By Bob Maginnis
The North Atlantic Treaty Organization’s (NATO) performance in Libya provides yet another reason why America should quit the 61-year-old collective defense alliance.
Two weeks ago, America relinquished the lead role in Operation Odyssey Dawn to NATO. The U.S., which led the operation’s initial decapitation phase to protect the Libyan people against systematic attacks, has more pressing priorities in East Asia and the Middle East. Besides, Libya is a European concern, not an American problem.
NATO’s performance hasn’t been impressive. The alliance’s mission conduct is marked by incompatible goals and political and operational infighting, and most members are too stingy with their militaries. The unintended consequence is to encourage Libyan dictator Muammar Gaddafi, who is playing NATO’s fecklessness for a stalemate.
U.S. Adm. James Stavridis, the senior NATO military commander, said the alliance needs to increase its arsenal of sophisticated aircraft capable of launching precise attacks. Only 14 of the alliance’s 28 members are actively participating in the operation, and just six of those are striking targets on the ground in Libya. Meanwhile, the U.S. supports the operation with 46 aircraft for command-and-control, electronic warfare, and refueling missions, which accounts for half of the operation’s overall costs.
NATO’s lackluster performance in Libya demonstrates that the alliance has outlived its usefulness. Consider five more reasons America should quit the alliance.
First, America pays disproportionately for Europe’s security, while the Europeans are on a defense-spending holiday. The U.S. contributes 25% of NATO’s operating budget and spends more than twice the percentage of its gross domestic product on defense [4.7%], compared with all but one of its NATO partners [Greece at 4%]. Economic powers France and Germany do not reach NATO’s 2% threshold for security spending.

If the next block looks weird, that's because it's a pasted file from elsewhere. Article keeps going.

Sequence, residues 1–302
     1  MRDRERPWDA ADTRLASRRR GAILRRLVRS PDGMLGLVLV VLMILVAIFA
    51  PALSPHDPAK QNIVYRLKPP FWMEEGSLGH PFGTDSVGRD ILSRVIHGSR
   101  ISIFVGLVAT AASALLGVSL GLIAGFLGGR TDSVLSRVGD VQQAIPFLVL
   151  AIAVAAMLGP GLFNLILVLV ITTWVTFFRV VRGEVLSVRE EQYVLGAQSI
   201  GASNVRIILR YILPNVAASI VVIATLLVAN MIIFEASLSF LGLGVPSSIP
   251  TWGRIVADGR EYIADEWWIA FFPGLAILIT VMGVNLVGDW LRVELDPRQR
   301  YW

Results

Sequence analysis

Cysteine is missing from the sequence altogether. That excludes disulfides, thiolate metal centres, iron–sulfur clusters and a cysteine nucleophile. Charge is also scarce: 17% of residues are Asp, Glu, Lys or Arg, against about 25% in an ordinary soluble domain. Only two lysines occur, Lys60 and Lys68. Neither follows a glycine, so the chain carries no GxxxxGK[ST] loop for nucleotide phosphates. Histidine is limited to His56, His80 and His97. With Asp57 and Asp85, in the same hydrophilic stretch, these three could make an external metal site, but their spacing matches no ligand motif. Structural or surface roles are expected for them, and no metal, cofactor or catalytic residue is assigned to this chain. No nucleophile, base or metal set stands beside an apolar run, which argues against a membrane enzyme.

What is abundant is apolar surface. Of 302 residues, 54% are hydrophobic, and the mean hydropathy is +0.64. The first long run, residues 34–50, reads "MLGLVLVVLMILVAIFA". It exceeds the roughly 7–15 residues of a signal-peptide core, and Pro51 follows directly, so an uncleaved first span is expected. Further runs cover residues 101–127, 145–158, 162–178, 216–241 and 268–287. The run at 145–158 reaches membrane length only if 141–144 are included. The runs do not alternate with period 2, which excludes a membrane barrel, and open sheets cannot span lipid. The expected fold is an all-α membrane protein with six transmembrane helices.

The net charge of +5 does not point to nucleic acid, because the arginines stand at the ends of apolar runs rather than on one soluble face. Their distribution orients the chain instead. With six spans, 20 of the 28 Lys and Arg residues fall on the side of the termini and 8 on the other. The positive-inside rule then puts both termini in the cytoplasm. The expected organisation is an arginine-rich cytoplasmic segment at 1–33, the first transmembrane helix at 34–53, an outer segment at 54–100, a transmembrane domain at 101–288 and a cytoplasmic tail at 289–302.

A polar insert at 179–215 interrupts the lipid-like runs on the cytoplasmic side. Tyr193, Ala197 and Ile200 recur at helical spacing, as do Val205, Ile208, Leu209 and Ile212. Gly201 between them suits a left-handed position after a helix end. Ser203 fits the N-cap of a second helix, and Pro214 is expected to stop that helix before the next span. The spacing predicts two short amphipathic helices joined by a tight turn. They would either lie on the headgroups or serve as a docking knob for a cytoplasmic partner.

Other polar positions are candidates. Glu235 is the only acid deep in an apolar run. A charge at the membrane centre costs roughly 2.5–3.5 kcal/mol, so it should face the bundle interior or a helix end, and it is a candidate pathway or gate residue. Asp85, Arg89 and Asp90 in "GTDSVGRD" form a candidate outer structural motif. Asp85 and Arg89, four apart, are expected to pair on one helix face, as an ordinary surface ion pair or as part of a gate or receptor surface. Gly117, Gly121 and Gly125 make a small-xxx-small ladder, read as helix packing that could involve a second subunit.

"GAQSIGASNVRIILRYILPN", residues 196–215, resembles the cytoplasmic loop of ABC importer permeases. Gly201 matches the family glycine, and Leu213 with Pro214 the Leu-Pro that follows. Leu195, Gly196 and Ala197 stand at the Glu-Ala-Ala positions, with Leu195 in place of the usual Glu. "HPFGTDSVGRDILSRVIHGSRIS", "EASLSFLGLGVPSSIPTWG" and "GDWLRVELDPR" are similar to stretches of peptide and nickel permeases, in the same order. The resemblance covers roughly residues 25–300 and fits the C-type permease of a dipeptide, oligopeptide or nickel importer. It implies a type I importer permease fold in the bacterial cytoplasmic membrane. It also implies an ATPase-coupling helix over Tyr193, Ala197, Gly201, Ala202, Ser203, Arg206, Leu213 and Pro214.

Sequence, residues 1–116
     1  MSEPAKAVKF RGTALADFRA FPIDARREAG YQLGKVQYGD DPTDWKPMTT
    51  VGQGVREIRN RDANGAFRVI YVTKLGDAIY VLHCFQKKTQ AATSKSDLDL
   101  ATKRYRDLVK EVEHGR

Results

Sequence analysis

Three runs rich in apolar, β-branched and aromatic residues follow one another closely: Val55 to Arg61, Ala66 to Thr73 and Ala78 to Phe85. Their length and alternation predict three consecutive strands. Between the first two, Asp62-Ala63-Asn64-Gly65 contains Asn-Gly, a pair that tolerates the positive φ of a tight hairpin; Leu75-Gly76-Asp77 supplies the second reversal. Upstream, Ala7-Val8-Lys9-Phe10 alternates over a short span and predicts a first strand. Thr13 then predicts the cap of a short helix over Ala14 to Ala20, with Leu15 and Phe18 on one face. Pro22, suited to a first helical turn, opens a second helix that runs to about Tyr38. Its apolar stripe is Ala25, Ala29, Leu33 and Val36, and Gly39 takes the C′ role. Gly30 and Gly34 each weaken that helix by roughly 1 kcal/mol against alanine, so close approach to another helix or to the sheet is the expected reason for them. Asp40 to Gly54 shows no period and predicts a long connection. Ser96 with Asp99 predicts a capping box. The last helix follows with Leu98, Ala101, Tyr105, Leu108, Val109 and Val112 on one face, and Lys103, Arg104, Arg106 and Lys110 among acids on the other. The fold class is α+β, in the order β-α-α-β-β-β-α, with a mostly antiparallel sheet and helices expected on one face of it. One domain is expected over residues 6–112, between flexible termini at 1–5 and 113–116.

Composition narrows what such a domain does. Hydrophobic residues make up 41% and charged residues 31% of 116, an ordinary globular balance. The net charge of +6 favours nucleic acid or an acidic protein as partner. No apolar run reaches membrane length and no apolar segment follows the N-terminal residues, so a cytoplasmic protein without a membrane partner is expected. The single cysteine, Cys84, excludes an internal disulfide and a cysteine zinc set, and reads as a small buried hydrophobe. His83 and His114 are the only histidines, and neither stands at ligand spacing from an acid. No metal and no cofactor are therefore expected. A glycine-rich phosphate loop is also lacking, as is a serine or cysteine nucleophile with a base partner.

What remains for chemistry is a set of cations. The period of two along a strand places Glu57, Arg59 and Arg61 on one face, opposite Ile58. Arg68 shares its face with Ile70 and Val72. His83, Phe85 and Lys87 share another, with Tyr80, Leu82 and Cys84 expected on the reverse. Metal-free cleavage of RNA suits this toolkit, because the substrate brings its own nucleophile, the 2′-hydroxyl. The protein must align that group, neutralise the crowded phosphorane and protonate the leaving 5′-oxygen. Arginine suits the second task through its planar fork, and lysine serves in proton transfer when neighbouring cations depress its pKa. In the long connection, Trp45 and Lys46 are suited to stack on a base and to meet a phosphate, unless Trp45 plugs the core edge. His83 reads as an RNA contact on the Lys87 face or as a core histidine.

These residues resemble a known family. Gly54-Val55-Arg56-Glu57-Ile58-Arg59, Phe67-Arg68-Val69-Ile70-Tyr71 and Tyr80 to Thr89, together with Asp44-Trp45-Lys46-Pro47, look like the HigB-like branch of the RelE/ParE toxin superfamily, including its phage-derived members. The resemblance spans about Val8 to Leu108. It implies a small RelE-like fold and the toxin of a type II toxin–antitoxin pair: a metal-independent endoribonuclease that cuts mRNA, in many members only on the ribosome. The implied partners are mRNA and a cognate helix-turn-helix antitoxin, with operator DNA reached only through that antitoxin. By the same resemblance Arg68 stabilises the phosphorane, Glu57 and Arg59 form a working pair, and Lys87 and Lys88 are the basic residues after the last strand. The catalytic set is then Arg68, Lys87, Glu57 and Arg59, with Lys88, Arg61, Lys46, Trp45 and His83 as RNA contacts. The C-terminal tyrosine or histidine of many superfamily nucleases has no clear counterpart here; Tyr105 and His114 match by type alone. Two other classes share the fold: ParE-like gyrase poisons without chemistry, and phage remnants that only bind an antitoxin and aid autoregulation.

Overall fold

The majority of NATO-related expenses are incurred by members from the deployment of their armed forces. Not surprisingly, the U.S. leads NATO deployment expenditures because it has the largest and only expeditionary force.
NATO also relies on America’s strategic umbrella — its nuclear arsenal with help from Great Britain and France. But NATO partners such as Germany pay nothing for this strategic umbrella. In fact, Berlin doesn’t even intend to invest in new aircraft that have the capability to deliver atomic weapons, a change from the Cold War era.
Second, the lack of defense investment results in ill-prepared NATO militaries. Most NATO forces lack sufficient helicopters and unmanned aerial vehicles for operations in Afghanistan, and few European troops are equipped and trained for modern warfare. Only a couple European partners have an expeditionary capability to deploy even 30% of their forces, and only Great Britain approaches true combat interoperability with U.S. forces. Interoperability is critical to coalition operations.
Third, NATO is irrelevant when dealing with modern security threats. The alliance lacks fundamental technologies for fighting terrorism, rebuilding failed states, and fighting counterinsurgencies. These deficiencies are significant given that Europe’s backyard is becoming a less predictable and a more perilous place conducive to asymmetric threats, rogue states with weapons of mass destruction such as Iran, threats to global supply lines, and cyber attacks on critical infrastructure.